Passage of broad national immunity will not only result in more widespread sickness (and in some cases death), but it will do little to revive the economy. In fact, evidence points in exactly the opposite direction. Americans need first and foremost to feel safe before they feel comfortable going back to work or patronizing businesses. Few people will voluntarily re-enter America’s commercial life if they believe they are taking a major risk with their lives or jeopardizing the safety of someone who is vulnerable, including older loved ones and senior citizens.

Indeed, it would hardly be reassuring to workers, consumers or anyone else if corporations are immune to accountability even when they act unreasonably and expose people to COVID-19. If Congress grants that immunity, corporations have no incentive to operate safely and will never face responsibility — no matter the corners they cut or risks they impose. Such action is likely to slow down any recovery. Who would feel safe working at, or doing business with, a big corporation that can do whatever it wants without having to face any legal accountability?

Supporters of corporate immunity, such as former Sen. Judd Gregg, who advocated in this publication for shielding corporations no matter the impact on real people and real lives, like to imagine that America will face a wave of unjustified lawsuits against innocent businesses. Gregg knows full well, however, that even under current law, corporations can only be held liable in limited circumstances. Before a worker could hold their employer responsible for an injury, for example, the company would have had to have clearly acted in a way that no reasonable business would under the circumstances — and the worker would have to show that the injuries they suffered were caused by this breach. The court system has consistently demonstrated that it is well equipped to throw out weak cases well before they ever become a threat to businesses.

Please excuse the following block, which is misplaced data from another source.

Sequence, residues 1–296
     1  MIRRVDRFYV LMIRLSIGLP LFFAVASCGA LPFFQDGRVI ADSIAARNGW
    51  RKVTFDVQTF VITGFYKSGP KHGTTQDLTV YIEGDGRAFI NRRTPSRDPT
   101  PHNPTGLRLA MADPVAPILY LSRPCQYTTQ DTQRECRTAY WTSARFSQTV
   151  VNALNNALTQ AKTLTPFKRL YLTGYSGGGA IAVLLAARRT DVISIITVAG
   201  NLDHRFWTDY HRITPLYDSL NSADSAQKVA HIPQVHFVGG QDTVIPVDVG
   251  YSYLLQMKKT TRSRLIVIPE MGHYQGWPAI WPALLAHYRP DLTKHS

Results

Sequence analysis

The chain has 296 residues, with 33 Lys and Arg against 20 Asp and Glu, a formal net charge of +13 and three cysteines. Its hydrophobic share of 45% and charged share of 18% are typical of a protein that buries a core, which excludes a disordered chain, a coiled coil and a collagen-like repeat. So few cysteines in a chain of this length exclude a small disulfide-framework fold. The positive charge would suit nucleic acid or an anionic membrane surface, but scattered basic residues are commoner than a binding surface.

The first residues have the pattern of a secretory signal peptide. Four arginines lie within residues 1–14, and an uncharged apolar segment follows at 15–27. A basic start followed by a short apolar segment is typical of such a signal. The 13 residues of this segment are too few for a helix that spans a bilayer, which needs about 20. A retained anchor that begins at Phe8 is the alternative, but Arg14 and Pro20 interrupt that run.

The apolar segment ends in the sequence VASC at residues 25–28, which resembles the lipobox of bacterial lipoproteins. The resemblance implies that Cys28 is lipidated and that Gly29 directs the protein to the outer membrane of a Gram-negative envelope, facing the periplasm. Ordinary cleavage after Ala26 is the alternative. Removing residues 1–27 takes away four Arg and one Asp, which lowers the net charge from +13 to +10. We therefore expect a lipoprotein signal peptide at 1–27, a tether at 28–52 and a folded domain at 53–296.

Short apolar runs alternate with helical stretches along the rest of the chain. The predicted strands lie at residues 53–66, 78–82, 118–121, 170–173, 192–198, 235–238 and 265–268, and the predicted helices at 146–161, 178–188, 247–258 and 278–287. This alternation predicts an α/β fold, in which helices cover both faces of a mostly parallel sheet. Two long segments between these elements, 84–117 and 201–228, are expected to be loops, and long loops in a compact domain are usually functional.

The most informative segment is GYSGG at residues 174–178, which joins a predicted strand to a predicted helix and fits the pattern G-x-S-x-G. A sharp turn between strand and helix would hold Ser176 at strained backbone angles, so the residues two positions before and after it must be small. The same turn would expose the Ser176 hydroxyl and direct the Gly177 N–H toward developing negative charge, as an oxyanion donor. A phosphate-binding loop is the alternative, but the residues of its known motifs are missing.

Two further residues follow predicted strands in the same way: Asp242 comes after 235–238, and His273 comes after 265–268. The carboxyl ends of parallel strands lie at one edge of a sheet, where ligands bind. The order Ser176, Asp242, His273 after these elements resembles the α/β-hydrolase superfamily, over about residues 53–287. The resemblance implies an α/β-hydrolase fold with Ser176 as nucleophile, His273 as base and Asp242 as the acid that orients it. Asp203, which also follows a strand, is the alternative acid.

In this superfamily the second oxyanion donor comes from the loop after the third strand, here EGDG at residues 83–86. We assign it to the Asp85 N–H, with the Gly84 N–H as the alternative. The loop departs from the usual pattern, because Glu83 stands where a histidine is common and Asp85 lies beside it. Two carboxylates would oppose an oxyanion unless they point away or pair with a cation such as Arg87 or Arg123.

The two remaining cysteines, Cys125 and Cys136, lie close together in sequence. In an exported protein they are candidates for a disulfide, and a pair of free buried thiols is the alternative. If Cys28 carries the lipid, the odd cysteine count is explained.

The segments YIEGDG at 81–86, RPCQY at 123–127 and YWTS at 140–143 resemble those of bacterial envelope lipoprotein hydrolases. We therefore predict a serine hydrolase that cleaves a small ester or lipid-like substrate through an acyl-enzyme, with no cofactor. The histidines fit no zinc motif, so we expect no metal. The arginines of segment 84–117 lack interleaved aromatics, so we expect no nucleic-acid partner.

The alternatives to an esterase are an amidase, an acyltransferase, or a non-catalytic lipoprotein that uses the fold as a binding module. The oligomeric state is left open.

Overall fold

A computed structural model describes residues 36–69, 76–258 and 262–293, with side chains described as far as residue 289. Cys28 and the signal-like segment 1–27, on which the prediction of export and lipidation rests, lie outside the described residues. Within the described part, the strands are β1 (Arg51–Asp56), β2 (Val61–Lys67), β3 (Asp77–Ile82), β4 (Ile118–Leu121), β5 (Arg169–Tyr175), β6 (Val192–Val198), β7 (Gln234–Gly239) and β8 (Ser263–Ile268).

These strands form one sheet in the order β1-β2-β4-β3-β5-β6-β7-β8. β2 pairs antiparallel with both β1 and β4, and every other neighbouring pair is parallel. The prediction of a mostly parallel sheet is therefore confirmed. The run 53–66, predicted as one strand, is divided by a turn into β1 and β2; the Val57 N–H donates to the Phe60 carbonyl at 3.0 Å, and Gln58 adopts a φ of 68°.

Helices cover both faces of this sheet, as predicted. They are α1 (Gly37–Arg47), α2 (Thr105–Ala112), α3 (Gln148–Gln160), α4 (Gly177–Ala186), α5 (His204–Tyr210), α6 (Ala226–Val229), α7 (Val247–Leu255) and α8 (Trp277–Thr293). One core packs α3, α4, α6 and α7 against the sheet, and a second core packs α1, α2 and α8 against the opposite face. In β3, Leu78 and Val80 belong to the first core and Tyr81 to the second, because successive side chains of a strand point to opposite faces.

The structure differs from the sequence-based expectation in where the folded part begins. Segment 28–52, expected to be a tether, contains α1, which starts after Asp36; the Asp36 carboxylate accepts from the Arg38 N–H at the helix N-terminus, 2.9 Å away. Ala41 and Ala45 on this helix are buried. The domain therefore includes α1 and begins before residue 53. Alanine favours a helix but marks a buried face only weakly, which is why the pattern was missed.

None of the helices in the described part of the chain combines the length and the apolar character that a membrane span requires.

However, giving corporations immunity even if they operate unsafely will also certainly mean more people get sick and die. In addition to risking the lives of their own workers, corporations that don’t prioritize safety will also be jeopardizing the health and safety of workers’ families, neighbors and the entire community in which they operate.

“Loser-pays” proposals – hitting workers who challenge unsafe conditions with ruinous fees for corporate lawyers if they narrowly lose a case — would be the same as giving immunity, ensuring no one ever steps forward.

If corporations cut corners and a second wave of infections take place, the economic consequences will be far worse than if the country opens up in a safer way. It’s in everybody’s interest to get back to work in a smart way, where workers and consumers know that corporations have an incentive to operate safely.

The Occupational Safety and Health Administration (“OSHA”) has issued guidance for businesses on how to protect workers from COVID-19, but it has insisted that these are just suggestions, not regulations. So even though a few bad actors have already had significant COVID workplace outbreaks as a result of ignoring basic safety guidance, the government is taking no steps to actually protect people. That means workers will need to protect themselves, and the courts are the only way they can do that.

Keeping our courts open and available to workers is the only way to ensure that some corporations take seriously their responsibilities to protect their people.

In truth, the proposal to limit lawsuits will only please big corporate campaign donors, but would be costly to Americans’ health and our economy. Congress should prioritize the health and well-being of the American people and our economy — and oppose any effort to immunize unreasonable corporate conduct. If proposals like those being advocated by Gregg become law, America will be less safe, and our economic recovery will be slower.

McKnight’s reported on something that seemed apparent to those of us that follow the nursing home industry:  Poorly managed nursing homes with low staffing and quality scores have higher rates of COVID-19 deaths and cases among residents, according to data published in a new study in the Journal of the American Geriatrics Society.  Most of these are for-profit national chains.

Facilities with more registered nurses on duty had 22% fewer confirmed coronavirus cases when compared to those with lower RN staffing levels, a University of Rochester research team found.

Our findings of the strong negative association between RN staffing and the number of COVID-19 cases and deaths in nursing homes are consistent with research that has demonstrated that increased nursing levels are key to an institution’s ability to respond to outbreaks of emerging infections,” Yue Li, Ph.D., a professor in the University of Rochester Medical Center (URMC) Department of Public Health Sciences and lead author of the study, said in a release.

“In nursing homes, quality and staffing are important factors, and there already exists system-wide disparities in which facilities with lower resources and higher concentrations of socio-economically disadvantaged residents have poorer health outcomes,” Li said. “These same institutional disparities are now playing out during the coronavirus pandemic.”